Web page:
“b8ta stores are designed for discovering, trying and buying the latest tech products.”
I finally visited a b8ta store in Santa Monica, California last week. It is exactly how I imagined it would be. For those of you who aren’t familiar with the retail chain, it is a store that is designed to give customers hands-on access to all of the products they sell. They focus on cutting-edge tech products and gadgets. Many of the products are from start-ups, but you will also find some recognizable brands such as Kicker and Sonos.
Bringing back excitement to brick-and-mortar
Each of the stores feature a mix of about 100 SKUs, but you can also buy online. When I walked into the store it had an “Apple vibe”, with long tables with product available to play with. Each item had its own video display with a menu that offers an overview, a detailed description, video demonstration similar to a commercial, and a tab called “gallery” which provides specifications and more details. There is also a “Buy Now” button if you decide you want to take it home with you.
Just what kind of products can you find at b8ta? Electronic dart boards, a Rumba-like lawn mower, a headband that helps you meditate, 360-degree cameras, drones, AR glasses, the latest showerheads, and home robots just to name a few.
Why is this valuable for the brands? It’s all about the data.
The sales staff and they filled me in on more of the store’s unique benefits.
- Proceeds from the sale of each item go directly to the manufacturer.
- Manufacturers pay to have a slot in the store and products are usually there four to six months, then they are rotated out.
- The sales staff is fully trained on each and every product in the store. Since they get new ones in every month, this is an ongoing process.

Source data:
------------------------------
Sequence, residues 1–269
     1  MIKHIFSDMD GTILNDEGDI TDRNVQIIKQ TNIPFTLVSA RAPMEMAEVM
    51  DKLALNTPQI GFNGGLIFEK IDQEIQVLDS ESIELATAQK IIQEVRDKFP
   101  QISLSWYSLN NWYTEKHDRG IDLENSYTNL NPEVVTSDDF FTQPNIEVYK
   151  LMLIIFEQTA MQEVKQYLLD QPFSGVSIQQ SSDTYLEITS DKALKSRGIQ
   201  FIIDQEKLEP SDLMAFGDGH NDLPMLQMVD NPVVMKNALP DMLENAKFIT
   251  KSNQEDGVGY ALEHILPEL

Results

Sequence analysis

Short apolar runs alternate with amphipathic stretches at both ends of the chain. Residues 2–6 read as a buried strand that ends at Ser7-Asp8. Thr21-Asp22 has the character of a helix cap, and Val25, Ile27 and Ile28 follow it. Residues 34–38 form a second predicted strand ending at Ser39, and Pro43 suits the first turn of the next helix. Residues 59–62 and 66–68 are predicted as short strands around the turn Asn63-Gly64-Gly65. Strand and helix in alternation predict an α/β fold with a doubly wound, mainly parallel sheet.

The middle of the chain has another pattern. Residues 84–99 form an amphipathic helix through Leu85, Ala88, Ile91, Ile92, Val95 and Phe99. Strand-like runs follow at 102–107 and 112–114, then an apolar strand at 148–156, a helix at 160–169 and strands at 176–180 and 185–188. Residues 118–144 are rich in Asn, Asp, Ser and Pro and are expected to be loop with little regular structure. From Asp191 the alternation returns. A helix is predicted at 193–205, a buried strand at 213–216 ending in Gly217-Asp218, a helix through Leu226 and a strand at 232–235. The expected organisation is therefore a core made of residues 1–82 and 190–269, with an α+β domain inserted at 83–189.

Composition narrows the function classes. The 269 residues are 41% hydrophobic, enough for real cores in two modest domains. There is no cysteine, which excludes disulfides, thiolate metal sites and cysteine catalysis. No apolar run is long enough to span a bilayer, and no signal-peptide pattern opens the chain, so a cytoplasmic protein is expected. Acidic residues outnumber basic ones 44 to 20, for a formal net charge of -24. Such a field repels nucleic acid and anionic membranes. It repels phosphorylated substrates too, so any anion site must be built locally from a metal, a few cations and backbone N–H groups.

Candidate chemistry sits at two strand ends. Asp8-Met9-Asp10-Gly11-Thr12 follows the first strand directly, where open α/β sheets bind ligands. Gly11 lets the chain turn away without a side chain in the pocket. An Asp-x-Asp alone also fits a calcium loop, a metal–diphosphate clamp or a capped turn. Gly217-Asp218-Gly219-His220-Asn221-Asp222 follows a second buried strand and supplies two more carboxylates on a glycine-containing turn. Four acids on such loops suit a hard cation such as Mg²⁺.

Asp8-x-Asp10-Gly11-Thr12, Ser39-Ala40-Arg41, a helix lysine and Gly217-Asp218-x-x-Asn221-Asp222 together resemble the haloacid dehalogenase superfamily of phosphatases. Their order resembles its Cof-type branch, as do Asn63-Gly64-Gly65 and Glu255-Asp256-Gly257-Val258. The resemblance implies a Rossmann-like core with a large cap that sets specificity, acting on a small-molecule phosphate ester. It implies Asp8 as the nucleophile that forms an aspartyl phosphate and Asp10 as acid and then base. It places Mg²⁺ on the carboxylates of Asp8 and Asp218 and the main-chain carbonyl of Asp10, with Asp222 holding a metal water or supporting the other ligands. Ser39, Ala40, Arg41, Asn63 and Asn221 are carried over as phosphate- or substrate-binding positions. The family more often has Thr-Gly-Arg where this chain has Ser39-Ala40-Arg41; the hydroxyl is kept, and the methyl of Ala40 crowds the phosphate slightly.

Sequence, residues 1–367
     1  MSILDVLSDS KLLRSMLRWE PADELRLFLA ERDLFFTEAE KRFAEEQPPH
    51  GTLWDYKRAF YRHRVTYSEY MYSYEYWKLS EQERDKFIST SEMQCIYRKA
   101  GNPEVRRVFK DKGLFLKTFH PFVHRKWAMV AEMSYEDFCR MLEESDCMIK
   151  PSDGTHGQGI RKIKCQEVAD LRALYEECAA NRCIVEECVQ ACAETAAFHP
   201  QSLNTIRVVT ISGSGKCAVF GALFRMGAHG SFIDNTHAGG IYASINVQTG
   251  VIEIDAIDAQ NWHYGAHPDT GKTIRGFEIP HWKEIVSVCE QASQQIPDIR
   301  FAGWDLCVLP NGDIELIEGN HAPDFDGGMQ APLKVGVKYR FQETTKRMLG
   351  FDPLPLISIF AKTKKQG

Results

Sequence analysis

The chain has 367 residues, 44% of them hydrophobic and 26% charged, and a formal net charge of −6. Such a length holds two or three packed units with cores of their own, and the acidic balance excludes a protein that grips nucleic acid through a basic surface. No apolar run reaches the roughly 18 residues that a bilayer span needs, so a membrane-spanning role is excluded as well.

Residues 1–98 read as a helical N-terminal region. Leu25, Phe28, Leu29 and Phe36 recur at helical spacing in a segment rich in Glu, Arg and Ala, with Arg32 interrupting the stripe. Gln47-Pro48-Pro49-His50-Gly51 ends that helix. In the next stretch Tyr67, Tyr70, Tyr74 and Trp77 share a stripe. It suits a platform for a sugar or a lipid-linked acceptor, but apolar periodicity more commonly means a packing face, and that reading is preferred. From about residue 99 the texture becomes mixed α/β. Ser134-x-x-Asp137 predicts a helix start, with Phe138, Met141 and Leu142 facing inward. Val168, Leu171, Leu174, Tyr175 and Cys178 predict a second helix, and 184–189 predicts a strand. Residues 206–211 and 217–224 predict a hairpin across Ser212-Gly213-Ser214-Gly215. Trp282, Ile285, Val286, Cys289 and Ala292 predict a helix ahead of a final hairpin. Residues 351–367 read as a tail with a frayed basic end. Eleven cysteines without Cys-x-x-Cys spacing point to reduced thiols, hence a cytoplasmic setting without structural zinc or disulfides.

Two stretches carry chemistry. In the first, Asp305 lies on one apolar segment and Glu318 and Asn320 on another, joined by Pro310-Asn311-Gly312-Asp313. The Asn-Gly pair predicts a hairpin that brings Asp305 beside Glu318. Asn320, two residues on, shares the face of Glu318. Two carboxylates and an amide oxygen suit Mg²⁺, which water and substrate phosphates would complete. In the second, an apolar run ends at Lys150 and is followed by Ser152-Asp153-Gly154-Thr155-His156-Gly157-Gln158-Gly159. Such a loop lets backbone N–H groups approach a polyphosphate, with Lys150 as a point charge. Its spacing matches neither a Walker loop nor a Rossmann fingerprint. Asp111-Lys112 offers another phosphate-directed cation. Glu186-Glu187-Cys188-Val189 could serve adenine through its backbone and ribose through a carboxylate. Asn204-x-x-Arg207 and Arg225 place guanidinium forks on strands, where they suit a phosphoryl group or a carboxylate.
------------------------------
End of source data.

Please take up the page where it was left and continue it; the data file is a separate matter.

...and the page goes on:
- Nothing is displayed in packaging, but 90% of the products are available if customers want to purchase in-store. (There is an online site as well if customers prefer to purchase online.)
So what is the incentive for brands to try this retail concept? The data. Inventory changes based on performance, brands get access to detailed data, plus the ability to test and control the in-store experience. For start-ups it is difficult to even get shelf space, let alone the valuable data from the store. Bigger brands have the money and clout to purchase valuable space in store. On average when b8ta had five stores, they engaged with 25,000+ customers a month. As of the end of 2017, b8ta had opened 9 locations.
b8ta and Lowe’s
b8ta has also partnered with Lowe’s to create “The Smart Spot”. It is like a mini b8ta within the Lowe’s store. It gives Lowe’s shoppers the ability to explore and learn about new smart home product. It has everything from garage door monitors to Bluetooth-enabled deadbolts. Best of all, it offers a hands-on retail experience. The DIY industry is huge and anything thing that can lessen the customers fear of a home project is great for the brands.
Just like the b8ta stores, Lowe’s is able to use the data they collect. Lowe’s has it’s own Iris brand. They can put their brand alongside the competing products and see what influences a purchase. They can us this information to develop their existing product line.
If you want to learn more about the b8ta retail concept, check out these articles: